About the law that makes assisted dying legal in New Zealand and the implementation of this Act.
The End of Life Choice Act 2019 is the law that makes assisted dying legal in New Zealand. The Act outlines the legal framework for assisted dying, including eligibility criteria and some key safeguards.
The Act was a Member’s bill and was passed by Parliament on the condition that a public referendum was held on whether the Act should come into force.
There was a majority ‘yes’ vote in the public referendum held at the 2020 General Election. The Act came into force on 7 November 2021, a year after the referendum results were announced.
Reviewing the Act
The Ministry of Health must review the operation of the Act within three years of it coming into force.
This includes considering whether any amendments to this Act or any other enactment are necessary or desirable and making recommendations to the Minister of Health based on these findings. The Minister will then present a copy of this report to the House of Representatives for consideration.
Following the first review, this process must be repeated at least every five years.
Implementing the Act
In the 12-months leading up to 7 November 2021, the Ministry worked to implement the Act. The key objectives of this work programme were to ensure that:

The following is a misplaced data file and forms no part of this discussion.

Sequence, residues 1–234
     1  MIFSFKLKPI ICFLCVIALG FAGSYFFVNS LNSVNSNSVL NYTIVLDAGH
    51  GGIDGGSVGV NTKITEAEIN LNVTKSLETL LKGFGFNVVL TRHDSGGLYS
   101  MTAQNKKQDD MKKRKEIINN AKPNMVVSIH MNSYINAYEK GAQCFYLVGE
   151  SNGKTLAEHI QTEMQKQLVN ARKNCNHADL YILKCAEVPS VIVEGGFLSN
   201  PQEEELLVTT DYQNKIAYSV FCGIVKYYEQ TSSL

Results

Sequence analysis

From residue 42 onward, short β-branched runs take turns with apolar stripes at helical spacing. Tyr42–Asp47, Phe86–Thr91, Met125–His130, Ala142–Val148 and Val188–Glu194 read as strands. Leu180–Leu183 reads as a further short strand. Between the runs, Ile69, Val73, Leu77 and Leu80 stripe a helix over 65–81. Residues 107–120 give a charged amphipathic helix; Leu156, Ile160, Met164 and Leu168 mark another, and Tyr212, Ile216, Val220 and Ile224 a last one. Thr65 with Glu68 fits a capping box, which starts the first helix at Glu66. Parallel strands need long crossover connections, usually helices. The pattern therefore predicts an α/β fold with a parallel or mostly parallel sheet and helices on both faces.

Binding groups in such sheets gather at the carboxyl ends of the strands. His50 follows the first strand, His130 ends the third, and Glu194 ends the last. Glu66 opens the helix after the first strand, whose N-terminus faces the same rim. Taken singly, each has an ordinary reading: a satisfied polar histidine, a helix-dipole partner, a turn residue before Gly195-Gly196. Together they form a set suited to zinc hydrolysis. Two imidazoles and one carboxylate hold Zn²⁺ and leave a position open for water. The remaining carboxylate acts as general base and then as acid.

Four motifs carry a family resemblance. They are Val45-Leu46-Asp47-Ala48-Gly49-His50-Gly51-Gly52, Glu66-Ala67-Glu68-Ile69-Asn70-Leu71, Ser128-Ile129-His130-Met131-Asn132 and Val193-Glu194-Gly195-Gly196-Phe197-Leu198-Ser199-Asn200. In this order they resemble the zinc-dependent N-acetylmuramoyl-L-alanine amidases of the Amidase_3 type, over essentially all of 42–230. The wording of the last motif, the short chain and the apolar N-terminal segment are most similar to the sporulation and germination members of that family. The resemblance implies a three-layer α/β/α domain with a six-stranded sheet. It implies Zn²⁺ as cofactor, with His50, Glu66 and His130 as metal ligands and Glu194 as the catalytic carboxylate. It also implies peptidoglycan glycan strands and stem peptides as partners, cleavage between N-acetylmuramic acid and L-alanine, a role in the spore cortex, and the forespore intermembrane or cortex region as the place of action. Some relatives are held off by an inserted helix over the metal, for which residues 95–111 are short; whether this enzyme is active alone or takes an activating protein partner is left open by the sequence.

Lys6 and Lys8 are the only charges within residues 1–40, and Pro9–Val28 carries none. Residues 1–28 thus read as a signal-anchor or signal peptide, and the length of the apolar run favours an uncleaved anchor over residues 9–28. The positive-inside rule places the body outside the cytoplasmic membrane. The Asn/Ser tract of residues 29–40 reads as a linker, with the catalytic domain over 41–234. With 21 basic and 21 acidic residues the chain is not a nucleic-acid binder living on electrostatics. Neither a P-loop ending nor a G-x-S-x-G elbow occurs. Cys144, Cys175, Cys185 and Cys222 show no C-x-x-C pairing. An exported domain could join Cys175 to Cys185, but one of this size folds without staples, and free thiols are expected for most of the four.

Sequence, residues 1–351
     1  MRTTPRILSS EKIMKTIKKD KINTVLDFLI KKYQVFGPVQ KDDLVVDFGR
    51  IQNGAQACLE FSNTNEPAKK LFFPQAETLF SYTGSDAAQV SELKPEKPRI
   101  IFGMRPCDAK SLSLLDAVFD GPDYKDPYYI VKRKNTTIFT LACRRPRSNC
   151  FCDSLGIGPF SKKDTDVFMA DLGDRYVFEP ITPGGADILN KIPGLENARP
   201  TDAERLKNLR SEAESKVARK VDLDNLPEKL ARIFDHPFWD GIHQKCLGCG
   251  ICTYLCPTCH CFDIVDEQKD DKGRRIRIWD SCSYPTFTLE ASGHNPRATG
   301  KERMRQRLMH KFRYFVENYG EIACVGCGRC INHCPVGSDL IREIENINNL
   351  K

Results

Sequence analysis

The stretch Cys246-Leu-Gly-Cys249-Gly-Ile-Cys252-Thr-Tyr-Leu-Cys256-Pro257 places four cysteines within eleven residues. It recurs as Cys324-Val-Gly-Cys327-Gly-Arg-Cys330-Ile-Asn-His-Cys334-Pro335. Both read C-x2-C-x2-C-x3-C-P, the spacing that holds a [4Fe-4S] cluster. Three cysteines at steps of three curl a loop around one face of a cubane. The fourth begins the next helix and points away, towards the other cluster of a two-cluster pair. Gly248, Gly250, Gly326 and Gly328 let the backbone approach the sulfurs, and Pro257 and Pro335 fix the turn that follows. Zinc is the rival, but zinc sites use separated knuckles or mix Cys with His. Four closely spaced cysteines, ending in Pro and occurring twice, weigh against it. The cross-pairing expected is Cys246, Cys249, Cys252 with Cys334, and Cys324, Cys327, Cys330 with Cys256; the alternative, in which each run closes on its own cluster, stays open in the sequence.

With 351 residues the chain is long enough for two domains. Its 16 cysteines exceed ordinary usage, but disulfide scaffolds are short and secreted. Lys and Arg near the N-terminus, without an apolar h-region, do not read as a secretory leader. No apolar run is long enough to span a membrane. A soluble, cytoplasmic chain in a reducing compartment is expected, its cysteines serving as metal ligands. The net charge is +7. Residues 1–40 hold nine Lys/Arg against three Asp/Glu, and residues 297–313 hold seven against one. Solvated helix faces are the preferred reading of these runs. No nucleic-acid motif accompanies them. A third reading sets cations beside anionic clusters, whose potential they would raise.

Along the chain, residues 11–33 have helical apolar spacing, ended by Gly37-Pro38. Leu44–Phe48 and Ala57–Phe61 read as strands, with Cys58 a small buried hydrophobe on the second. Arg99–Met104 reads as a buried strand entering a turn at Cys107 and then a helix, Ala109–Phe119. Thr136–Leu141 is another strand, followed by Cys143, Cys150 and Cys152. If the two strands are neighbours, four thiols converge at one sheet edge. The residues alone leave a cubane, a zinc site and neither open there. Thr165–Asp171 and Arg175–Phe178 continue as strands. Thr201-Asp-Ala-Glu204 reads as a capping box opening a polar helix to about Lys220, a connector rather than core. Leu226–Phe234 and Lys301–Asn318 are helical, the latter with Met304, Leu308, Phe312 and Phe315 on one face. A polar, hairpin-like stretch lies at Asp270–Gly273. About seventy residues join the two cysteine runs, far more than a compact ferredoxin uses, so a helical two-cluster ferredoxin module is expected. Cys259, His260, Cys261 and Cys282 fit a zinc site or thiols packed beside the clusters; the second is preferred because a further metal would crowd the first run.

- medical and nurse practitioners who offer to provide assisted dying services to eligible people are trained and available
- the wider health workforce is aware of the Act, their obligations under the Act, including the right to conscientious objection
- the statutory roles of the SCENZ Group, the Review Committee and the Registrar (assisted dying) were established
- administrative systems, regulations, and professional guidance, information and supports were in place; and
- public information about the assisted dying service is available and health practitioners can provide information to people about the SCENZ group if appropriate.
Wide engagement with the health and disability sector was undertaken during the implementation of the Act. This included engagement with the disability sector, Māori led primary health organisations, Pacific primary health organisations, professional colleges, councils, unions, and other health organisations. Engagement continues as part of the ongoing role of the Secretariat and its work to monitor and improve the service.
Implementation governance group
The Ministry’s implementation programme was overseen by a governance group with the following membership:
- Deputy Director-General – Health System Improvement and Innovation (Co-Chair)
- Deputy Director-General – Māori Health (Co-Chair)
- Deputy Director-General – System Strategy and Policy
- Chief Nursing Officer – Ministry of Health
- Chief Medical Officer – Ministry of Health
- DHB Chief Executive
- Member of the Council of Medical Colleges
- Member of Te Apārangi: Māori Partnership Alliance
While the Ministry was responsible for implementing the Act, key decisions that shaped the service were made by Government. Cabinet papers and minutes related to these decisions have been proactively released.